Step 8: Enjoy the results!
By the holiday break, we had 17 videos finished. The rest were basically “finished,” we just had to wait until after break to pop the music into most of them and upload. Above is a playlist with the completed videos.
As I reflected on the project, I could imagine a number of tweaks and fixes that would make everything go more smoothly the next time around. Here’s my initial list:
Things I wish I did…
- Had more rags available
- More cleaner
- No more than 8 groups per class
- Have the kids be more complex in their drawings, and draw more slowly. There is no rush while filming the drawing.
- Have kids write key words on board that match key words in script to make it easier to glance up and see where they are
- Fix cameras on tripods, music stands, anything!
- Give better directions for camera people
- Have each video end with a zoom out so that entire board could be seen
- Add one more day to go a little more deeply into the research and writing about the implications of the Louisiana Purchase. Also, take the time to go over each group’s drawing and scripts in more detail…the fact that I didn’t do that is why you hear almost every kid say things like “Haiti.” Modern name, not historically accurate.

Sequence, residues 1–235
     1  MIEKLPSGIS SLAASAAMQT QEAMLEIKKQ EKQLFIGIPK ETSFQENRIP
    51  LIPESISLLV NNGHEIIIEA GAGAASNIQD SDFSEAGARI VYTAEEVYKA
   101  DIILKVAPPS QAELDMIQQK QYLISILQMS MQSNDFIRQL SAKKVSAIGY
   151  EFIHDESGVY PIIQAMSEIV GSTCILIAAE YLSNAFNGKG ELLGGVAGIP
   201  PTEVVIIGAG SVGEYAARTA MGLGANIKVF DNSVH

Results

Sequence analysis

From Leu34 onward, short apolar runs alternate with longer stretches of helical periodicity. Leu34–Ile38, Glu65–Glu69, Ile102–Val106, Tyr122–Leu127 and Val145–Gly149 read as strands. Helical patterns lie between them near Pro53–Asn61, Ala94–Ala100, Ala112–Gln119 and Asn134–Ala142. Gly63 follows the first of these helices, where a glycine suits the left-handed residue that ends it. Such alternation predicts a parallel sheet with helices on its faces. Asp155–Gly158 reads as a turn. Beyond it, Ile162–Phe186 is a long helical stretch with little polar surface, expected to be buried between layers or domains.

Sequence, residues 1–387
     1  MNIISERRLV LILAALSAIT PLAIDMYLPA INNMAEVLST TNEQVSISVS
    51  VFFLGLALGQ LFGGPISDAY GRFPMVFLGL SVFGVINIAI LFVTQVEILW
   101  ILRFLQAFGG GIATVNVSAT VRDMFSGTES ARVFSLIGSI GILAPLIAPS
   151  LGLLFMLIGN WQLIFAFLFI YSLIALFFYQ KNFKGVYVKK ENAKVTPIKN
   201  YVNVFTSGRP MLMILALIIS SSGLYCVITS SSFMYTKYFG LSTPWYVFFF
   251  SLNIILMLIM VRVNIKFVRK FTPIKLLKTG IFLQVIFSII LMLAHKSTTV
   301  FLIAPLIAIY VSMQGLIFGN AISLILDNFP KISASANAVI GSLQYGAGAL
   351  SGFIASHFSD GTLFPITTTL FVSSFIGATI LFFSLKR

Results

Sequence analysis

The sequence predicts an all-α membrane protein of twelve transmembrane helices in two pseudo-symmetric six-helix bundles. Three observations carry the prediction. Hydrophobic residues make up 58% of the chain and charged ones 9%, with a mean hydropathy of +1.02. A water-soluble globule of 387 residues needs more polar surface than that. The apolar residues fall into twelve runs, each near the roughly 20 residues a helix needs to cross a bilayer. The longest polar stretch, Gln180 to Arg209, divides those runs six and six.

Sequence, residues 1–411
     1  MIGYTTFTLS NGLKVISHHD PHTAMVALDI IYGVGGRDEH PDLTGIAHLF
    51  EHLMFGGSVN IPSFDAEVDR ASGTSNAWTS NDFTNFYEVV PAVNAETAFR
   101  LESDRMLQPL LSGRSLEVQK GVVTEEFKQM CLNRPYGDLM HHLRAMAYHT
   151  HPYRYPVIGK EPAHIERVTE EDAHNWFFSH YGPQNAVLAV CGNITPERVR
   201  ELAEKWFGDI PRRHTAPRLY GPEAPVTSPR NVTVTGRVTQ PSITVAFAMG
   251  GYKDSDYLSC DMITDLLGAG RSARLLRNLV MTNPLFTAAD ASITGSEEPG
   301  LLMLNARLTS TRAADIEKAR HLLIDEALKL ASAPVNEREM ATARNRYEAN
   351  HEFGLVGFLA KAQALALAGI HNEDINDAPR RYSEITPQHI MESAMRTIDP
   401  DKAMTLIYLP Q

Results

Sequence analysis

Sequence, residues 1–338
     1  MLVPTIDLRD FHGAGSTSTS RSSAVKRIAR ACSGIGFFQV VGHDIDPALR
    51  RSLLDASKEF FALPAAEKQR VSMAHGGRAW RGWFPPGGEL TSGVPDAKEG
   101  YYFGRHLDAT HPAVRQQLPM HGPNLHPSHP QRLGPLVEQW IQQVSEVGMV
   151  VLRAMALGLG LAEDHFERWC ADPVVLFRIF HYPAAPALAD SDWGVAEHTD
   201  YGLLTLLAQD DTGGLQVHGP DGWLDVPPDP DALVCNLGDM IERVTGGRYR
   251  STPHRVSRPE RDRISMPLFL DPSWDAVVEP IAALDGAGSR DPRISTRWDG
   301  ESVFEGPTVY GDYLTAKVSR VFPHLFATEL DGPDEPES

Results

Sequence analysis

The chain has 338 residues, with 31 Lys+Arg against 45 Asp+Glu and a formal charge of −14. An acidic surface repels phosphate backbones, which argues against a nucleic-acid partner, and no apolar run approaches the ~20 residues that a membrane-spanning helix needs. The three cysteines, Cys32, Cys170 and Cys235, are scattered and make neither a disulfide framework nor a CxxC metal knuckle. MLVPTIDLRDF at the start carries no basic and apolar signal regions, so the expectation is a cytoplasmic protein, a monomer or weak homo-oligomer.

- Keep in mind, this was our first time, so I kept it simple, maybe next time each video focuses on one aspect of the Purchase, like the Constitutionality of the purchase
This is an activity for any class, not just social studies. Almost any obstacle you can think of can be overcome: even if you paired your kids up and each pair did one step and did only one video per class.
As the project concluded, the class and I talked about how no professional would have worked under the constraints we did. You can read about how one professional did her film through the links below. My kids did an incredible job considering the time and supplies they had. Imagine if they had a chance to practice their drawings twice! Narrate once, check for sound, and then do it again…I could go on and on. We managed to put this together during a series of roughly six 45 minute periods where after directions and other business from me, the teacher, students had about 35 minutes of work time each period. This was also done with incredibly mixed classes. My kids are super, but we are from average town America. If we could do it, so can you and your kids.
So if you made it this far, you have got to try this. Come back and leave some advice in the comments. I feel like I need to do this for at least three more years before I have a good handle on it!
Finally, I have a little policy in class…never have the kids do something I have not done. If you want to see how mine turned out…and what I learned from doing the assignment, follow the link.